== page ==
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Zaha Hadid’s Galaxy Soho. Via dezeen.com.

When I entered the work force again I kept on working. Don’t get me wrong, I’ve been having fun as well, but while I’ve been doing that I’ve never forgotten that nothing will come if you don’t put the work in. It’s perhaps for that reason that I’ve been so invested in making Whisky + Architecture work. Hell, a quick look through this website and you’ll see at least 3 articles dedicated to her work, as well as her imagery all over our Instagram. You can say she’s just as part of Whisky + Architecture as I am. Or maybe I’m just being too meta. Who knows? What I do know is that I wouldn’t be the same person I am today without Zaha, a woman I only met once for no more than 10 minutes.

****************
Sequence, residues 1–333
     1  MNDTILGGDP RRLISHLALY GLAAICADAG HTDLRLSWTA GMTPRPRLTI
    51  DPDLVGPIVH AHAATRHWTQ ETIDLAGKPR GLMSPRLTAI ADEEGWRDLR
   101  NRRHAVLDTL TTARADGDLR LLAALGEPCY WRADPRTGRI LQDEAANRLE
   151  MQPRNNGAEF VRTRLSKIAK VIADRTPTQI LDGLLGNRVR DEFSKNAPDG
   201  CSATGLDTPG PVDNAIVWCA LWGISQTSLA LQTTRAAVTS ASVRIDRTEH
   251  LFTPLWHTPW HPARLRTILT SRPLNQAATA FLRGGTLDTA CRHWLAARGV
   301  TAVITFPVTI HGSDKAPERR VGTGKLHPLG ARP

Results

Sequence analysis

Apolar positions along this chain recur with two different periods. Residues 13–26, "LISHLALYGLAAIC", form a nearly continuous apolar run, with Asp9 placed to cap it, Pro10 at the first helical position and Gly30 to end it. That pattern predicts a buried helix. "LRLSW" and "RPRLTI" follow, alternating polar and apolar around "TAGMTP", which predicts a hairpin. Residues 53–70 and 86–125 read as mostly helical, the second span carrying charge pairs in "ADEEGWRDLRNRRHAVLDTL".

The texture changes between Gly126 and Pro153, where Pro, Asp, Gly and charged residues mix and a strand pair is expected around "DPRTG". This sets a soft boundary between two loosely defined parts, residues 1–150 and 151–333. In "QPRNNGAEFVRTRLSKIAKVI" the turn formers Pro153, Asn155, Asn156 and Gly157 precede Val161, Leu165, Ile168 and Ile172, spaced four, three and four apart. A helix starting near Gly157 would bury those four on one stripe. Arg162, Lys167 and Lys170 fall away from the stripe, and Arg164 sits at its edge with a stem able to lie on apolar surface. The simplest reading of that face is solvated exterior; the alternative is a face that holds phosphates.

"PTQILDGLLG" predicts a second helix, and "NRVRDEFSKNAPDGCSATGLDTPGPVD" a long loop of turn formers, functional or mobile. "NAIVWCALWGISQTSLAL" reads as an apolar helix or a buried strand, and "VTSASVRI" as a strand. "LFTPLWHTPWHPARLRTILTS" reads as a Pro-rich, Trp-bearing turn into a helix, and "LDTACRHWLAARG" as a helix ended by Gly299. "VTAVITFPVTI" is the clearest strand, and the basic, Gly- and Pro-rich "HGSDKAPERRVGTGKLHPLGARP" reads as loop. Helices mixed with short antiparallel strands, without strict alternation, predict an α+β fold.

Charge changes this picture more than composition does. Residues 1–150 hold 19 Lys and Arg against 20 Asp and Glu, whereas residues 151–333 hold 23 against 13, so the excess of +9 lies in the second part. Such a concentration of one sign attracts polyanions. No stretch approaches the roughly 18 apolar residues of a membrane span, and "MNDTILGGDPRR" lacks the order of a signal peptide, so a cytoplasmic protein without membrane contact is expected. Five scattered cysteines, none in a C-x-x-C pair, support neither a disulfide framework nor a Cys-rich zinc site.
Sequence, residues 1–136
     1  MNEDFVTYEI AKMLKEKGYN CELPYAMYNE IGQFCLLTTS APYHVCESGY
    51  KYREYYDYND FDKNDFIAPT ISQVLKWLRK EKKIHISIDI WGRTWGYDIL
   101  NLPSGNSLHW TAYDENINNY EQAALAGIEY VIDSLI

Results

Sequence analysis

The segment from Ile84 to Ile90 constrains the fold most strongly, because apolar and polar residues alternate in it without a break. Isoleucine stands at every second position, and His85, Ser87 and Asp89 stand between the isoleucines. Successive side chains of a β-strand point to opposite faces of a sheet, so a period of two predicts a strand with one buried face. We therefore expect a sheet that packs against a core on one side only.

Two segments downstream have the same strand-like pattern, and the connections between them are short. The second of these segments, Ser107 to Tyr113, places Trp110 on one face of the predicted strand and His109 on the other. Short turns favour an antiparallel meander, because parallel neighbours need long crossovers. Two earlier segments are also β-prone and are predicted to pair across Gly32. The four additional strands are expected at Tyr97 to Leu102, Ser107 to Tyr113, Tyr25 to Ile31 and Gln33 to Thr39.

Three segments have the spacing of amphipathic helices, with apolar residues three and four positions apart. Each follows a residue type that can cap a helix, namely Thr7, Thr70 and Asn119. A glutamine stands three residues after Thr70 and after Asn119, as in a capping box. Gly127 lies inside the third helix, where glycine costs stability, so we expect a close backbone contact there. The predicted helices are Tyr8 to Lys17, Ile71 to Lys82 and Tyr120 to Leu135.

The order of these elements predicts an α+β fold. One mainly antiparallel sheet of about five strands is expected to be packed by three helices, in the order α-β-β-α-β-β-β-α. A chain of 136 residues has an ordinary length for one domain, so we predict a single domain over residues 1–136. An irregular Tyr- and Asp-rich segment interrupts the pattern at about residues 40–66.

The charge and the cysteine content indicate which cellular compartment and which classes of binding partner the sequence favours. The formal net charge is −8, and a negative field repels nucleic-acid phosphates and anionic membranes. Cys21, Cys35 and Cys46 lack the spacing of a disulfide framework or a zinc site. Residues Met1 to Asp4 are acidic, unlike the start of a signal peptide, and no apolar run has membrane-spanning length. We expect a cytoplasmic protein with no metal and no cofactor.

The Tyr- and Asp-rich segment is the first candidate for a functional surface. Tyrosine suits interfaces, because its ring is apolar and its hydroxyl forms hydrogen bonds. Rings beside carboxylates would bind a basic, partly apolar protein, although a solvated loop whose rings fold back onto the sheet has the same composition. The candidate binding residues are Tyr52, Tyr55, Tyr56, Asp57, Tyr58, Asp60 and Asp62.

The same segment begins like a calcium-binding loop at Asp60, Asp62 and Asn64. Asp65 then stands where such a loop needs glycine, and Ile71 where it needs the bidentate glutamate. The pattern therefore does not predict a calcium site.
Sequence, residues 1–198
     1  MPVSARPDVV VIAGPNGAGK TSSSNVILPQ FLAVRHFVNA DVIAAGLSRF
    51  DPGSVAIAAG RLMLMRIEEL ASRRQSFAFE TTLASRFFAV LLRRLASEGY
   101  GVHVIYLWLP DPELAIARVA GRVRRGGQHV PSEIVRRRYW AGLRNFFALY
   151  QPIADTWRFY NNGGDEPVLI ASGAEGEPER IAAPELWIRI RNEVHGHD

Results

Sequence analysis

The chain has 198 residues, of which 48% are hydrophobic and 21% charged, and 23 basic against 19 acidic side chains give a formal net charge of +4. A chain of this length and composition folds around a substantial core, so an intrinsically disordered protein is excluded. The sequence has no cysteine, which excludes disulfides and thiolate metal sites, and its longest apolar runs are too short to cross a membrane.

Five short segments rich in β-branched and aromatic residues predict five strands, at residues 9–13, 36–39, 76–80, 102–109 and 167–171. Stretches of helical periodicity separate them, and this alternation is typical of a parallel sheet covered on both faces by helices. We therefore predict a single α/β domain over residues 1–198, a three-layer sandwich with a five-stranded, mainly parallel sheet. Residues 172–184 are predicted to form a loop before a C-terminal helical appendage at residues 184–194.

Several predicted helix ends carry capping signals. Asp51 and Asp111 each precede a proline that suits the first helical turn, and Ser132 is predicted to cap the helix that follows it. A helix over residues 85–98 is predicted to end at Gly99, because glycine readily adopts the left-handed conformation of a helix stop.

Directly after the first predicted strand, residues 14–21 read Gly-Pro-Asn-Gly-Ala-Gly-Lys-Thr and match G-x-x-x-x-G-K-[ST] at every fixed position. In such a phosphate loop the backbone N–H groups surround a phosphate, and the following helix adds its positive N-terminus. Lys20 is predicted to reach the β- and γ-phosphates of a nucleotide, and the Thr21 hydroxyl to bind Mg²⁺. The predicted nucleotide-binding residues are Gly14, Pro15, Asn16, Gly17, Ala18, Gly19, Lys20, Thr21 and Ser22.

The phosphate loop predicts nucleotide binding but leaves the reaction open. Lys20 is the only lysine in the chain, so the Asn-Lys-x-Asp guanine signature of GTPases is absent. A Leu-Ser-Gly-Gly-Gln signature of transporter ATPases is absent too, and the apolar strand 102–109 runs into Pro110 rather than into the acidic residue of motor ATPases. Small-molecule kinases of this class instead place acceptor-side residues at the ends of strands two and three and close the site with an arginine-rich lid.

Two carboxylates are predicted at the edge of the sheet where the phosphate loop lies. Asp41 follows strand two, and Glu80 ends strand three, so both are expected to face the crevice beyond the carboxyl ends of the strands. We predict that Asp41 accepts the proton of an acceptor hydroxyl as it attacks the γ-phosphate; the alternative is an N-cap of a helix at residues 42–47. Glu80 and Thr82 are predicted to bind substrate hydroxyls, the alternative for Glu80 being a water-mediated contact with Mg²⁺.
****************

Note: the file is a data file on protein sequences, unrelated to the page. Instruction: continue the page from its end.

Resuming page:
So with that I just want to say “thank you Zaha.” I’m sure I’m far from the only person who’s been affected by you in such a positive way. I even have coworkers and friends who studied under you and they’ve given me their accounts as well. But I would be remiss if I didn’t express how much you meant to me. You were, and always will be, my favourite Architect.

Rest in peace.

– Peat